Conference Paper

Palestinian Economy – From Asymmetrical Dependency to Regional Cooperation?

- March 8, 2010 - State-building as an indigenous process in entities emerging from violent conflicts is a growing issue not only in conflict studies, but in Development policy and in Development Economics. There are a growing number of studies related to post-conflict scenarios. The situation in Palestinian West Bank and Gaza Strip (WBGS) is hardly a “post-conflict” situation with a conflict sensitive economy and economic development. By Dr. Sabine Hofmann more»

Conference paper

Predicament of a Different Order: Palestine Refugees under Occupation

- March 3, 2010 - Refugees under occupation - nowhere else in the world are these three words combined to describe the living reality of nearly two million people. But for Palestine refugees in the occupied Palestinian territory, these words have for more than 40 years captured the essence of a doubly deprived existence caught in a political im-passe, denied basic human rights, and largely removed from the international agenda. By John Ging more»

Conference paper

The Transformation of Palestine

- March 3, 2010 - The Palestinian-Israeli conflict was born at the end of last century as a result of "incompatible national aspirations" between the indigenous population of Palestine (the Palestinians) and the Zionist movement over the land of Palestine. By Dr. Samir Awad more»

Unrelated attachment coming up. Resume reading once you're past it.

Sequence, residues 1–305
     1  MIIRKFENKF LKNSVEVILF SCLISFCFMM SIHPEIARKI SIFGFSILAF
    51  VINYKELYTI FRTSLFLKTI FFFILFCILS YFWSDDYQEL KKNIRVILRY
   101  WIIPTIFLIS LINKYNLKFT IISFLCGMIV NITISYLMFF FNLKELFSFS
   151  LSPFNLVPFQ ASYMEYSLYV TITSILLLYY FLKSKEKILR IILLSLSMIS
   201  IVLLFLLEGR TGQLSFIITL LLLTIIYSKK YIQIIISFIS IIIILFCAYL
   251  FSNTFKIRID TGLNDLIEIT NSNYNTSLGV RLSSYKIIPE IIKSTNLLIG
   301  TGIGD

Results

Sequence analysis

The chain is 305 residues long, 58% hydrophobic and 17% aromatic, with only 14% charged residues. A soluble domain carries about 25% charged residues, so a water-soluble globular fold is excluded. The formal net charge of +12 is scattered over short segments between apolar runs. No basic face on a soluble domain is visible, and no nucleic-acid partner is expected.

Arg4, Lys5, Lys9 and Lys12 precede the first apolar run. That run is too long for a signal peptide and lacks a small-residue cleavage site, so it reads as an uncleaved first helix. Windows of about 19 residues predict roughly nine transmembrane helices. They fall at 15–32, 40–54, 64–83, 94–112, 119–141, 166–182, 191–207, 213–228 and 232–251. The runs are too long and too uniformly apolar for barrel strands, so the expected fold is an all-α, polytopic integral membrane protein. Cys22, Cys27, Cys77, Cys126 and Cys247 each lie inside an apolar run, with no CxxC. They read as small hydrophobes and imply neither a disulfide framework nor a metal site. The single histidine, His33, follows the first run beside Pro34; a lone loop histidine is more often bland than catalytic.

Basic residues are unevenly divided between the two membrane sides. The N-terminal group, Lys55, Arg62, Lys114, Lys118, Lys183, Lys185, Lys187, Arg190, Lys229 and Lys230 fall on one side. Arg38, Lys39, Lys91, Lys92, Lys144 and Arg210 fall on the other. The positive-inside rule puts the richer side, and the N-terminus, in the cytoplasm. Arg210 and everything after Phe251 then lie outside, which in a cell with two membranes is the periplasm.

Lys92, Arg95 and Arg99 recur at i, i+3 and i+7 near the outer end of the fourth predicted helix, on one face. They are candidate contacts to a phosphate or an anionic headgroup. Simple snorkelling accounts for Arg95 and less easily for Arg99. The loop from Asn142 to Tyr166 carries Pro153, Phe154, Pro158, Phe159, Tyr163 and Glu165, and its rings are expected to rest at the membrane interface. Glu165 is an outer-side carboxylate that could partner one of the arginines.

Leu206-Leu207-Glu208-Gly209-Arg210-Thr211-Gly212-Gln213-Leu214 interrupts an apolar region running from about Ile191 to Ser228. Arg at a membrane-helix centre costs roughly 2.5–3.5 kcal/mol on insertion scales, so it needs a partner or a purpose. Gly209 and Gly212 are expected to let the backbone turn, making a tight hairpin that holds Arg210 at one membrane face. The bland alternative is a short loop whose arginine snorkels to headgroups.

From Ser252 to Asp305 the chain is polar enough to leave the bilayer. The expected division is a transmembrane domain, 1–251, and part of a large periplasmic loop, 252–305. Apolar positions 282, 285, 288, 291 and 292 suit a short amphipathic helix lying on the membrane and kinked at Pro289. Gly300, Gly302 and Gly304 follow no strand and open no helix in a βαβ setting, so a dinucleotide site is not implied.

Conference paper

Religion and Politics in Palestine: Debates about Islam and the Hamas-Fatah Schism

- March 3, 2010 - The Palestinian schism is often referred to as a deep one that pits a secular nationalist movement (centered around Fatah) against a religious movement (centered around Hamas). In his paper, Nathan J. Brown suggests by contrast that the division is not as deep as is often assumed but it is exceedingly wide. By Nathan J. Brown more»

Conference paper

Ideology and Practice in the Legal System in Gaza under Hamas

- March 3, 2010 - Nicolas Pelham concludes, that an end to western, Palestinian and Israeli isolation of Gaza and an improvement in Gaza’s lot generally, is likely to empower groups with external connections, and impede rather than accelerate Gaza’s Islamisation. By contrast, the alternative - of maintaining the closure - is likely to hasten the application of Sharia norms. By Nicolas Pelham more»

Conference paper

The Palestinians, the Arab States and Israel

- March 3, 2010 - The struggle for Palestine first emerged as a significant issue in the neighboring Arab countries and the wider Arab world in the second half of the 1930s, largely as a consequence of the 1936-1939 Palestinian Arab revolt against the Zionist project and British colonial rule which protected and fostered it. By Zachary Lockman more»